There were pictures of my sister and me as babies, and mom recognized us immediately. "That's you," she'd say. "I made that dress for you for your first Easter outfit. I had one just like it." And moments later, there would be the picture of mom and I standing side by side in our matching outfits. There were pictures that brought back memories of stories I'd heard my father tell most of my life, pictures of events that only my mother remembered and pictures that neither of us could identify but my aunts could. Mom's fading memories of the past four decades or so didn't matter while we were engrossed in pictures from long before I was born.

Last month I visited mom again, and while she's still fascinated by the pictures, her memories of them are sporadic. "That's you," she'd say, pointing at a picture of my sister eating chocolate pudding with more pudding on her clothes than could have possibly made it into her. And then she'd shake her head. "I'm not sure who that is." She's better with pictures from when she was a little girl. The next time I visit her even that may be gone. But thanks to the scanner and the photo album, I've had a magical week with my mother and I've heard stories about my ancestors I've never heard before. It's nice to have had that before those memories are gone.

Ruby Vee, BSN

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Specializes in Medical and general practice now LTC.

Excellent idea on doing a photo album and such a way to get them to remember things

Every AD pt. should be so lucky to have someone do this for them. Good stuff.

Specializes in ER,ICU.

Thank you for sharing this wonderful story. I wish I had thought of something so simple when my dad was still alive. His memory for things past was remarkable but near the end I wasn't sure he knew who I was. He was an avid photographer in his younger days. He had tons of slides from the places we visited. I had so many questions about where he served in the Navy and how he won his Purple Heart....years AFTER he died. How simple it would have been to bring in old photos and let him reminisce. You are so fortunate to have had this time with your mother.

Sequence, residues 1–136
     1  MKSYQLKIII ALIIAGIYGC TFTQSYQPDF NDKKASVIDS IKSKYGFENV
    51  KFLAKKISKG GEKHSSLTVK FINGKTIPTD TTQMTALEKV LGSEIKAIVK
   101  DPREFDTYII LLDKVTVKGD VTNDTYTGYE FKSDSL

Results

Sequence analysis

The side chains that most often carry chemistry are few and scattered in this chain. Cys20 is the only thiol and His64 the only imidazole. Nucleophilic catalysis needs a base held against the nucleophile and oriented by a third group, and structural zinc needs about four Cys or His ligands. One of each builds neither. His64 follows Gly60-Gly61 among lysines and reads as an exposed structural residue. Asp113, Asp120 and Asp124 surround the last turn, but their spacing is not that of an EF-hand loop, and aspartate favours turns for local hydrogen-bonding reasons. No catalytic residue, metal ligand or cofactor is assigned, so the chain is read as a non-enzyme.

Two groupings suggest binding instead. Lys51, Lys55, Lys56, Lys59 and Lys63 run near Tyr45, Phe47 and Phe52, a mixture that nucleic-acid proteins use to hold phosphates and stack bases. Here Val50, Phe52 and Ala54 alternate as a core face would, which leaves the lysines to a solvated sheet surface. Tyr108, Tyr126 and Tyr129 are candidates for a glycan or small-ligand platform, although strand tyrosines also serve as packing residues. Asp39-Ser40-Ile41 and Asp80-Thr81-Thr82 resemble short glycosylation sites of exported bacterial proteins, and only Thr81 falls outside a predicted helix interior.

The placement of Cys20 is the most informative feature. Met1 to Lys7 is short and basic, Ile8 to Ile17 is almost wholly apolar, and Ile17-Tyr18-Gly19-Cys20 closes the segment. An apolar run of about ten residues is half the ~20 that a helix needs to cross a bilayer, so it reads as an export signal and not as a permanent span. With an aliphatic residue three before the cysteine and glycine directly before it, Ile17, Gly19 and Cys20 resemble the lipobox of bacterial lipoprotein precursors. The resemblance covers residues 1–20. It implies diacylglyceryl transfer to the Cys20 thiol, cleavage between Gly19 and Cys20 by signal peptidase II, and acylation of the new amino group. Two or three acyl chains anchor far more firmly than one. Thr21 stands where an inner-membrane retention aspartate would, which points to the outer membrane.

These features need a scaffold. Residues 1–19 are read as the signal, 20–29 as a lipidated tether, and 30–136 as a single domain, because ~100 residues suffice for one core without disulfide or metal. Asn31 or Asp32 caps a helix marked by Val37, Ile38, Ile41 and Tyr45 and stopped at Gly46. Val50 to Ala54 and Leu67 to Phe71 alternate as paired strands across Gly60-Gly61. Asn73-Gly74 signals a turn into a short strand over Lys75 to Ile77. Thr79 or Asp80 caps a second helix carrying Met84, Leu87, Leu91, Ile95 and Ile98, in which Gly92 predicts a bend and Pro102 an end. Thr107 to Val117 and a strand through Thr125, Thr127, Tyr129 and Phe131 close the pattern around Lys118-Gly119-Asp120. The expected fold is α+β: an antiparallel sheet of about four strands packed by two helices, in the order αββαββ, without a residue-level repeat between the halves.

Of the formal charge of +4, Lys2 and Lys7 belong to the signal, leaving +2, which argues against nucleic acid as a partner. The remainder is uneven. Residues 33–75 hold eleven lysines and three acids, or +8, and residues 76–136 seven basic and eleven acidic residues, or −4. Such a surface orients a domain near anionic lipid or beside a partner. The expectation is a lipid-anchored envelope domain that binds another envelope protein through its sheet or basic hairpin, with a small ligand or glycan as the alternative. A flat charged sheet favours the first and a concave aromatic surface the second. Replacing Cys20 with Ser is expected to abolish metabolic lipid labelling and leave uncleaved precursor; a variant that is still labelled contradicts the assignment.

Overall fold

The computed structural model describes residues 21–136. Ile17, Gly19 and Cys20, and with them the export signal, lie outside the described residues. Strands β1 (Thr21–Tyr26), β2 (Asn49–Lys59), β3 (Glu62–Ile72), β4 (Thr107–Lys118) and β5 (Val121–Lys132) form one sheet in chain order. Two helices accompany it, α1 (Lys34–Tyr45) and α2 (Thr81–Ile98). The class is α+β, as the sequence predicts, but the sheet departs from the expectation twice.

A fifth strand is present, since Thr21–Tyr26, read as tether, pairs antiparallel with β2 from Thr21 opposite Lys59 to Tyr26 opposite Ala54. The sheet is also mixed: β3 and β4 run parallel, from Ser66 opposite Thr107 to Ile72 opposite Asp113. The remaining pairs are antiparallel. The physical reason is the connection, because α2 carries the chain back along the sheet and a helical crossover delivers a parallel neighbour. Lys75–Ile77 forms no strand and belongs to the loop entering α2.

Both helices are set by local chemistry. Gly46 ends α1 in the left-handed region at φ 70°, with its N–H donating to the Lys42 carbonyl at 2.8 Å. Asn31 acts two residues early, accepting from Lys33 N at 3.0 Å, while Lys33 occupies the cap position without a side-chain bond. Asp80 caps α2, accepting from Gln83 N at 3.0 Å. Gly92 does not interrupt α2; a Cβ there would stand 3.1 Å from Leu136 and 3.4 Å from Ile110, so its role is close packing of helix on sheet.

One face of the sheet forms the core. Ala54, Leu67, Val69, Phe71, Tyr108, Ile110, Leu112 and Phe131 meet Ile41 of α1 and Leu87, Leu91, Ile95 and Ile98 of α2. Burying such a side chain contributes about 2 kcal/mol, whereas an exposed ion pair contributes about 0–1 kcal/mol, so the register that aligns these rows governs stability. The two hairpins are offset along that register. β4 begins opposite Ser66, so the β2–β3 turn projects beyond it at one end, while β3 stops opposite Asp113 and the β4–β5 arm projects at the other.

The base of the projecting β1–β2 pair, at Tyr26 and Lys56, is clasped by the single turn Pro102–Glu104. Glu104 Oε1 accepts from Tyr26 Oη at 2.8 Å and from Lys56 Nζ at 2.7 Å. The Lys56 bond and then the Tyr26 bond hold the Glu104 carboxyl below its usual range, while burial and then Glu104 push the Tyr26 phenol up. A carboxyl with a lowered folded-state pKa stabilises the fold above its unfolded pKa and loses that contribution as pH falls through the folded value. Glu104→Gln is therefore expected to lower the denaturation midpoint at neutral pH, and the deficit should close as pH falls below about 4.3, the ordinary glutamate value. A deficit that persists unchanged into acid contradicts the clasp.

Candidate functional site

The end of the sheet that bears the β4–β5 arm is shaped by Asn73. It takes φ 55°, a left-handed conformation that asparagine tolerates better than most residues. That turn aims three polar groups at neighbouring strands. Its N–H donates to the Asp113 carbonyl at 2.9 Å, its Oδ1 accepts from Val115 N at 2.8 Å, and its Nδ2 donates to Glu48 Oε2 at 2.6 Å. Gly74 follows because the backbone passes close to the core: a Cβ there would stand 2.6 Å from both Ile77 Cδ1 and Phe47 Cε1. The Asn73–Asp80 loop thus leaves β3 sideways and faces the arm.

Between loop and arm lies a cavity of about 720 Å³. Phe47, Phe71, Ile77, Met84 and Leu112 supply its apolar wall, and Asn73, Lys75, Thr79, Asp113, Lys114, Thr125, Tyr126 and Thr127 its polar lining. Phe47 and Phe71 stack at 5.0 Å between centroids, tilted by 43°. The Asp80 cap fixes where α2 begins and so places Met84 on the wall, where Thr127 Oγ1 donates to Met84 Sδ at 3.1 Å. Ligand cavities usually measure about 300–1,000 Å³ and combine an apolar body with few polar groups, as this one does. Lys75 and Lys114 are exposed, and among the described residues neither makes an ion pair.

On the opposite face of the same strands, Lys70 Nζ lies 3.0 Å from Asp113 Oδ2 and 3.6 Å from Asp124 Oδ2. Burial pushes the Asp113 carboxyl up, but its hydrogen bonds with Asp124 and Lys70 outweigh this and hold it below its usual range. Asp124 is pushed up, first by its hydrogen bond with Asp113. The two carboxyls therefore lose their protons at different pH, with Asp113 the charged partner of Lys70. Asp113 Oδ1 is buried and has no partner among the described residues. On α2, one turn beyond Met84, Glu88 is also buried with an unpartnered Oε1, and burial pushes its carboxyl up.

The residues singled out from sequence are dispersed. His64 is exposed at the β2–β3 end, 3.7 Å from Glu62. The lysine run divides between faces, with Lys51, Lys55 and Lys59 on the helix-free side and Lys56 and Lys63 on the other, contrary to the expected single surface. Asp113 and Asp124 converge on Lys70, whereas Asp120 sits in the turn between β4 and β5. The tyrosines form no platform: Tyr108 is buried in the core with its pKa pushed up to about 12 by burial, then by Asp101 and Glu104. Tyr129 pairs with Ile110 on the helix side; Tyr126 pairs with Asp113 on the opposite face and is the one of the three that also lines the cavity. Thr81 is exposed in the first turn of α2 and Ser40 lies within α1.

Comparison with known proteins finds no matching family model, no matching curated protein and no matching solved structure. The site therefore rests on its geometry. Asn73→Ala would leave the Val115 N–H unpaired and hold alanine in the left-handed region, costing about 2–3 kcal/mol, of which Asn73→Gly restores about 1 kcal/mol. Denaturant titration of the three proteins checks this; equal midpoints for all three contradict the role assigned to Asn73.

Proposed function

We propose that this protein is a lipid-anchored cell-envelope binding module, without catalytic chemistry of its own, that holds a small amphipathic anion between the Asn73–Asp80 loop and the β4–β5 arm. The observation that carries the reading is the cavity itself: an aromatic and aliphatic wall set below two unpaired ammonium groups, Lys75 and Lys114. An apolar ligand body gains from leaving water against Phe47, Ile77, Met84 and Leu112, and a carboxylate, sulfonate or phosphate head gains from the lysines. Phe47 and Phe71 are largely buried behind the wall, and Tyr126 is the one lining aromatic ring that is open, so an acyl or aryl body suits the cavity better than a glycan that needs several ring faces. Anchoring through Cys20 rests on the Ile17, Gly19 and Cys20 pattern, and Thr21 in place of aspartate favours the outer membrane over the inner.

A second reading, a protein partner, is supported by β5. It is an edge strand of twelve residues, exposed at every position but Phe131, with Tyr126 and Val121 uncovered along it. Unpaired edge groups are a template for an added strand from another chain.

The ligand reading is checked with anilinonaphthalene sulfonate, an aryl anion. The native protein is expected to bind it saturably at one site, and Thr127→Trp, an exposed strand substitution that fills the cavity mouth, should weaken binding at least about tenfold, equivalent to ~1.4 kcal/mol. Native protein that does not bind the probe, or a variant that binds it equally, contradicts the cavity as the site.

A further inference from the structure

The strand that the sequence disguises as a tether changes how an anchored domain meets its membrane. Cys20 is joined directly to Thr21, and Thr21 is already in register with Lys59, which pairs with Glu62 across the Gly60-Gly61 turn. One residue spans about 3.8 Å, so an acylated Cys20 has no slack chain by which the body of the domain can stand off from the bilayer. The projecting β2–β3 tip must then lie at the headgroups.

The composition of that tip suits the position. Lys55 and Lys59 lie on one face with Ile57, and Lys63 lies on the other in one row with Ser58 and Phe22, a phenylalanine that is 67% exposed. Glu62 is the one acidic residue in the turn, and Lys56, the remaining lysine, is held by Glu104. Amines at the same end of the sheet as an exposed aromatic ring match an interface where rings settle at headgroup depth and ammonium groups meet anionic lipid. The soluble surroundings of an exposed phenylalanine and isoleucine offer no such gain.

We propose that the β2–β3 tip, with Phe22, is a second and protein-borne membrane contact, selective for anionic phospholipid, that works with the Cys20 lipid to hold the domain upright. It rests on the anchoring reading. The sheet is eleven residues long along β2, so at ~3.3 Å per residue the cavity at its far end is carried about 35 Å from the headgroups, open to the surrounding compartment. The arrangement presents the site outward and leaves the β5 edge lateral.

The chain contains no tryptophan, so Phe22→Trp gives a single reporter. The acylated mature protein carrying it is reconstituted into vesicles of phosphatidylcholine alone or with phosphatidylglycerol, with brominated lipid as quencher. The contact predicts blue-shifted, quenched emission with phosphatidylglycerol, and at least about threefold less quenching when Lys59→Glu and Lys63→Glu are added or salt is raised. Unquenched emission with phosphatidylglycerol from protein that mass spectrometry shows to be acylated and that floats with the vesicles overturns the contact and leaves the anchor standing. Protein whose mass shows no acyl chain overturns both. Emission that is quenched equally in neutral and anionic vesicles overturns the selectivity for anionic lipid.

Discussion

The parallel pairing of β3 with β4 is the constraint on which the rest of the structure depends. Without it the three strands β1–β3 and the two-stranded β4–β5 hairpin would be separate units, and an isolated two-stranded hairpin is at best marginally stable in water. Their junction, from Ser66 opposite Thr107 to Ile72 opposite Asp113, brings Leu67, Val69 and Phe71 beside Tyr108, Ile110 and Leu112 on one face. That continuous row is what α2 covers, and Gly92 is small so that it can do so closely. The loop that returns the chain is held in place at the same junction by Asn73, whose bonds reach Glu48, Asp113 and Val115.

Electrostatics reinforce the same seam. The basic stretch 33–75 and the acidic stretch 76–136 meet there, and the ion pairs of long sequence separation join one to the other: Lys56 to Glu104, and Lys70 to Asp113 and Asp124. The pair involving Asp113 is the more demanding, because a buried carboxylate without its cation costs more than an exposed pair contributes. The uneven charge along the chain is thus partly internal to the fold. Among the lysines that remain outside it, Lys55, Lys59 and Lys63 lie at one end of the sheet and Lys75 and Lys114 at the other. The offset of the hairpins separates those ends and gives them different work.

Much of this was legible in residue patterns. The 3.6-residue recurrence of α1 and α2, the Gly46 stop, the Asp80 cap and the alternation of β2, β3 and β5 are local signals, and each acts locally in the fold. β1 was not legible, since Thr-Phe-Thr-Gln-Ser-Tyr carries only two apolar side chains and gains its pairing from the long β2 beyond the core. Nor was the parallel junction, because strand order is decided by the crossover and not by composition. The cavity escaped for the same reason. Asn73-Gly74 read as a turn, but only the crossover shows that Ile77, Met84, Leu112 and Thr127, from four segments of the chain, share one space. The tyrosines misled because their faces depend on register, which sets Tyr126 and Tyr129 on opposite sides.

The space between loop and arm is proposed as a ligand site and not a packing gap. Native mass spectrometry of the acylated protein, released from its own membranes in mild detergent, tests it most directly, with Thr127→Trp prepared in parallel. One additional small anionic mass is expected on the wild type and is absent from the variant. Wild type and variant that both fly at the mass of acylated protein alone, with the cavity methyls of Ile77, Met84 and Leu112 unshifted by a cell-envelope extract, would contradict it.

How wonderful!

What a touching story...I wish I had did this with my mom!!!

Specializes in LTC, MDS Cordnator, Mental Health.

I am a unit coordinator for a Alzheimer's unit. we just started making a picture scrap book "this is my life" its good for the families and the residents....

Specializes in Emergency Department.


I really enjoy your stories and postings. That must have been an absolutely wonderful week with your mother. I am so happy you received that gift.

I made a picture album for my mother-in-law when she was in the nursing home and started forgetting who we were. I titled it "Merval's Family" and wrote the names and relationships under each picture. That way the staff could go through it with her when we weren't there and know who everyone was. The staff really appreciated me doing this. When she died I got the album back and still have it - it brings back some very pleasant memories of the little time we could spend with her. Like you, my husband and I live 1800 miles from where she was and did not get to see her very often. In my positions in nursing homes, I have always encouraged the families to bring in pictures and tell me who they were so I could try to help the resident remember. It has given me some very special times with my residents, especially on nights when they were restless and could not sleep. I would get out some of the pictures or look at pictures on the walls. It usually helps them relax and go to sleep better than any medication I could give them. Thanks for sharing your experience with your Mom. Keep up the good work!